Microsoft Joins IBM and Amazon in Facial Recognition Withdrawal

By Bill Toulas / June 12, 2020

Although Microsoft has previously stated that facial recognition systems shouldn’t be banned, they have now decided to step on the right side of history and rise to the occasion. Microsoft president Brad Smith told Washington Post that the company would stop selling facial recognition systems to the police in the United States until there’s a law on how to use these tools with respect to human rights. This is more similar to what IBM called for and stronger than Amazon’s decision to simply pause their program for a year.

This leaves US lawmakers in an awkward position, as the system that should have taken steps to protect the citizens in the country proactively is exposed for negligence, inaction, and massive delay. IBM, Amazon, and now Microsoft are taking the initiative to call the Congress members to do something they should have already done a long time ago - and that is to form the legislation that underpins the use of powerful facial recognition technologies. When even the most competitive tech giants that sell these products are taking a step back to ponder on the ethical aspect of their business, what is left to say about the state’s failure and the fulfillment of its putative role to protect people’s First Amendment rights?

Vice has decided to reach out to 43 facial recognition companies and ask them if they will refuse to sell their products to police departments across the United States or not. The vast majority of them didn’t respond, and those who did, shared the following:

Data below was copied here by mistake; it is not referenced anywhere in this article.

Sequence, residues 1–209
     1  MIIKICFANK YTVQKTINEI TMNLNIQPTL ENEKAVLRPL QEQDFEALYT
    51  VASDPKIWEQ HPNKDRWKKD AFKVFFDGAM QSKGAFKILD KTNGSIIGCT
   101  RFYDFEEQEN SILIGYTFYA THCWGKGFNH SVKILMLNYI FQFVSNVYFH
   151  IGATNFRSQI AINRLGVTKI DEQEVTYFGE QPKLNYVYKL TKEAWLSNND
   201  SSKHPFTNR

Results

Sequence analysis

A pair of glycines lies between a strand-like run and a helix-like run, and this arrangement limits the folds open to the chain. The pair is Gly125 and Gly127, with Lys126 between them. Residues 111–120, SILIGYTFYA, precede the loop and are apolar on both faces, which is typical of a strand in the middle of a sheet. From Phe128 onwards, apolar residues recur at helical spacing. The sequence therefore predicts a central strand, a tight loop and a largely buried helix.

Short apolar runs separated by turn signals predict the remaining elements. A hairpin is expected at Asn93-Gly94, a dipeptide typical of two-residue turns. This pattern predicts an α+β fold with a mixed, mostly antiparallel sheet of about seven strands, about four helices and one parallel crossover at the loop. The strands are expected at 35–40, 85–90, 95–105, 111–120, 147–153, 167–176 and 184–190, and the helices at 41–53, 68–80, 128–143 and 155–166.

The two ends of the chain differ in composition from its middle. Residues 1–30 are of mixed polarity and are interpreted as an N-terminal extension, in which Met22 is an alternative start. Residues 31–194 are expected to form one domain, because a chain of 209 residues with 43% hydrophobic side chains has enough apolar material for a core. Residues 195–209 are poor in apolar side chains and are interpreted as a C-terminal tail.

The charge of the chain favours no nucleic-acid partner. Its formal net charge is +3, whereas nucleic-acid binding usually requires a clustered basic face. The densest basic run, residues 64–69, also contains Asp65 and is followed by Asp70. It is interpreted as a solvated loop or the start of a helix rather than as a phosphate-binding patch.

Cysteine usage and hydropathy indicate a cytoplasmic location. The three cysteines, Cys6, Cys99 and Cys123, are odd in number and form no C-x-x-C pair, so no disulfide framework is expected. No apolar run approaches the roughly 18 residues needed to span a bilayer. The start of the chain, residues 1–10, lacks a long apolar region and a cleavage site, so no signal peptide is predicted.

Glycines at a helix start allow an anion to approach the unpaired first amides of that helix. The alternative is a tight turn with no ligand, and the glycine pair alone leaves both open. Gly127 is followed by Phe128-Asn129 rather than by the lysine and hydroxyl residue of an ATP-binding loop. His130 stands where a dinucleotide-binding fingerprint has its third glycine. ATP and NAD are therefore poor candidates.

AnyVision – The police do not currently use their product, but they believe that it should be used by law enforcement and that fighting racial bias should come through the broader application of these systems.

CyberLink Corp – Agreed that regulation is needed, and called for a focus on other practical applications besides surveillance.

Innovatrics – Declared to have no relation with any police department, and no plans to work with the police in general.

Palantir – Stated that they do not develop any facial recognition systems and that they do not work with US law enforcement in this area.

Trueface – Denied selling their facial recognition tech to the US police, but they continue developing their products to tackle bias problems.

The US Immigration and Customs Enforcement – Told Vice they only use facial recognition to investigate child exploitation, human trafficking, and other criminal cases.

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